How the US Is Bullying El Salvador Into Using Monsanto's GMO Seeds

Our government is missing the chance to correct past mistakes and to partner with the Salvadoran people as they journey toward a just and peaceful society. The American people can do better.
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President Salvador Sanchez Ceren, inaugural speech, June 1, 2014, San Salvador. Photo courtesy of Vivien Feyer.

The crowd was jubilant. Ecuadoran President Rafael Correa waved triumphantly to the thousands who filled the open air convention center. He walked down the red carpet just a few meters away from us to thunderous applause.

We were honored guests at the inauguration of Salvadoran President Salvador Sanchez Ceren and Vice President Oscar Ortiz. Both the incoming President and Vice President had been Farabundo Marti National Liberation Front (FMLN) military commanders during the civil war. They had fought the oligarchy for power militarily for more than a decade. On March 9, they won at the ballot box by the slimmest of margins.

Honored guests indeed. Three seats to my right sat Manlio Argueta, winner of the Casa de Las Americas Prize, Latin America's most prestigious literary award. In addition to being a novelist and a distinguished poet, Mr. Argueta is a committed social activist. His book One Day of Life is a harrowing tale of the brutal repression meted out to El Salvador's campesinos.

Manlio Argueta, second from left, at the Salvadoran Presidential Inauguration, June 1, 2014, San Salvador. Photo courtesy of Vivien Feyer.

Several seats to my left sat Dr. Charlie Clements, an American doctor, who provided medical care to the thousands of Salvadoran campesinos living in the Guazapa volcano region during the height of the war. Charlie's account of his year in Guazapa, Witness to War is a chronicle of severe deprivation, chronic hardship, brutality and tragedy. It is also a chronicle of enormous bravery, profound commitment and enduring hope. The book was made into a movie of the same name, which won the Oscar for best short documentary in 1986. My partner, Vivien Feyer, and I had the pleasure of accompanying Charlie to Guazapa two days before the inauguration.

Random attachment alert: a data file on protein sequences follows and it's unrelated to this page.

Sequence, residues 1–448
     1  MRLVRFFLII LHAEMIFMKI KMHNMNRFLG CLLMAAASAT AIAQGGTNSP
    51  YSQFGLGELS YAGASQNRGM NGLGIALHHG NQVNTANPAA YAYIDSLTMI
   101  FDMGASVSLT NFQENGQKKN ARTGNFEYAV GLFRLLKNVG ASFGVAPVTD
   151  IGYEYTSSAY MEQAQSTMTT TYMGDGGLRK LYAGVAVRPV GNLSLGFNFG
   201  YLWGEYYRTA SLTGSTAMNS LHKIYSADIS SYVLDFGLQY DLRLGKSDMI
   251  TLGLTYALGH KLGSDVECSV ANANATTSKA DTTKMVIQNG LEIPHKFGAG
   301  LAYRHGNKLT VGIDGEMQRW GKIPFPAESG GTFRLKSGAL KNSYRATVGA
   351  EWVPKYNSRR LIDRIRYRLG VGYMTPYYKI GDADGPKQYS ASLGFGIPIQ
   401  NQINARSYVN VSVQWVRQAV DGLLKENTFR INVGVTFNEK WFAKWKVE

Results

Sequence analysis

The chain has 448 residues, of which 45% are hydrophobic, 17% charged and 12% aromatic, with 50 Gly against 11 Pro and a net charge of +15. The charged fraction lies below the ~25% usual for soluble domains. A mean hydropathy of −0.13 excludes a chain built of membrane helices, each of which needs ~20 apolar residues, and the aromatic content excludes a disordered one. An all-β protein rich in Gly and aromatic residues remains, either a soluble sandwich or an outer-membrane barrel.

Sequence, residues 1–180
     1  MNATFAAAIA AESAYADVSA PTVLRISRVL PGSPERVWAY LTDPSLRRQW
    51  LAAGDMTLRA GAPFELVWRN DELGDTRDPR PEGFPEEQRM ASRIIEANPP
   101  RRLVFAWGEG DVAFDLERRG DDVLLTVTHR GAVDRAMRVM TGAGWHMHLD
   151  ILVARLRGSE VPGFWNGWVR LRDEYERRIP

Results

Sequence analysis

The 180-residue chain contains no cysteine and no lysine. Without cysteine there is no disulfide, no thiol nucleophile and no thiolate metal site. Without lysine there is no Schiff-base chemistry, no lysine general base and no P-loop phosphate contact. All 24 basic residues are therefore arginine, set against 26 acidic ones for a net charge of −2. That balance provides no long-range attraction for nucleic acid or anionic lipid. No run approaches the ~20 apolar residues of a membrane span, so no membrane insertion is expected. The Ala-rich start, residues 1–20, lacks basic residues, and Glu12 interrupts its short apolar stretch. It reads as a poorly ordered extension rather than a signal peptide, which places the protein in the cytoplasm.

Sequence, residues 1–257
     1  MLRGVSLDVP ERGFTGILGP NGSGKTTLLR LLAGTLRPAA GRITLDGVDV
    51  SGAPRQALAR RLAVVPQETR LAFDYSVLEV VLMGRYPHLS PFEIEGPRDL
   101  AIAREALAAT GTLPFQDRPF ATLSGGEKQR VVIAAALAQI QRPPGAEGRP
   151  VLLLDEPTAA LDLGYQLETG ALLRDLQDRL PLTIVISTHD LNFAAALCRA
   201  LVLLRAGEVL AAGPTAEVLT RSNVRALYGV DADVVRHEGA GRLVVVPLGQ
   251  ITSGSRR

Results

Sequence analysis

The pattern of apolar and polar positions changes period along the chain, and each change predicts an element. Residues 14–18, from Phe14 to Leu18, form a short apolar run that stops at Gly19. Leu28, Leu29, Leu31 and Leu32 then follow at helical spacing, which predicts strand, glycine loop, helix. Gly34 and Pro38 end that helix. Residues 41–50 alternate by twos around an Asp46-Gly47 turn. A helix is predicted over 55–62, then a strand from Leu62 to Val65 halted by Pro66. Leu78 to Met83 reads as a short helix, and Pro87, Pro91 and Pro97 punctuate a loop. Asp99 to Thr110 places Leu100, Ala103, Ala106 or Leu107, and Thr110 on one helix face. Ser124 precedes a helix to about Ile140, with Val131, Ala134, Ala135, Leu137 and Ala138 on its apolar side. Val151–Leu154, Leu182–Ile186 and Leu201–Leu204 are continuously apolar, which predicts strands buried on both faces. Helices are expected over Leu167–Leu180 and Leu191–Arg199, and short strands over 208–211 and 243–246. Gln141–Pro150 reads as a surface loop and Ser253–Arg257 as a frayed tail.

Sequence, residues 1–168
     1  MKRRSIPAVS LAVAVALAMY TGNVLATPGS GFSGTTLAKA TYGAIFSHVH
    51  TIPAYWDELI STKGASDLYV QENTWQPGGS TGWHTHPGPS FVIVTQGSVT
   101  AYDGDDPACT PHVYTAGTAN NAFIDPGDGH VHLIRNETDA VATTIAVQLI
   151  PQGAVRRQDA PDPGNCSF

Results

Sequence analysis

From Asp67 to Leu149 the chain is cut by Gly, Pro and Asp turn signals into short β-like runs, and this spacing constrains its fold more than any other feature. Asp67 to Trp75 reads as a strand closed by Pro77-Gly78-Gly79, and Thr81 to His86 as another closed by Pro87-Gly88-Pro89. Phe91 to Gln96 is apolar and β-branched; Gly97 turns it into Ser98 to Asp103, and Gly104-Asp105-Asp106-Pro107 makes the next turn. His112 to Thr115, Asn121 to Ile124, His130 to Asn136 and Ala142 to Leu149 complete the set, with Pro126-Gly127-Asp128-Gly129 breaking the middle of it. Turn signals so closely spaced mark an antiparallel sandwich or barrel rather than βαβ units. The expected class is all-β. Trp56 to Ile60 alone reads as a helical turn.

Dr. Charlie Clements, May 2014, at the memorial to boys, girls, women, and men killed in Palo Grande, Guazapa region during the Salvadoran Civil War. Photo courtesy of Vivien Feyer.

The Vice President of Cuba (wild applause), and the Vice President of Venezuela (wild applause) came down the red carpet just to our left followed by other dignitaries. When Evo Morales, the President of Bolivia, was announced he received an ovation worthy of a rock star. And so it went with the conspicuous absence of any high level delegate from the United States.

Salvadoran President Salvador Sanchez Ceren being warmly greeted by Bolivian President Evo Morales and other heads of state and foreign dignitaries, Salvadoran Presidential Inauguration, June 1, 2014. Photo courtesy of Vivien Feyer.

The U.S. delegation was led by The Honorable Maria Contreras-Sweet, Administrator of the U.S. Small Business Administration. Bolivia sent Evo Morales. Ecuador sent Rafael Correa. We sent someone from the Small Business Administration. Was that Obama's message? El Salvador was small business.

Once El Salvador was crucial to U.S. interests, so much so that we sent one million dollars a day in military aid. U.S. aid flowed to El Salvador under President Reagan at the same time that the Salvadoran military and right-wing death squads were killing a thousand Salvadorans each month. The United States paid for the carnage. We trained the perpetrators and the architects of the slaughter which included horrendous mutilations and unspeakable tortures. Napalm and white phosphorus were dropped on Salvadoran men, women and children from airplanes supplied by the U.S.

Most of those who were killed were civilians. Many were women and children. Some had joined unions. Others had formed agricultural cooperatives. Still others were followers of the brave priests and nuns who preached liberation theology. They were organizing to better their meager standard of living. The right wing oligarchy saw them all as subversives and attacked them brutally. Each and every month during the height of the repression, El Salvador was losing proportionally as many of its people as the U. S. lost in the entire Vietnam War.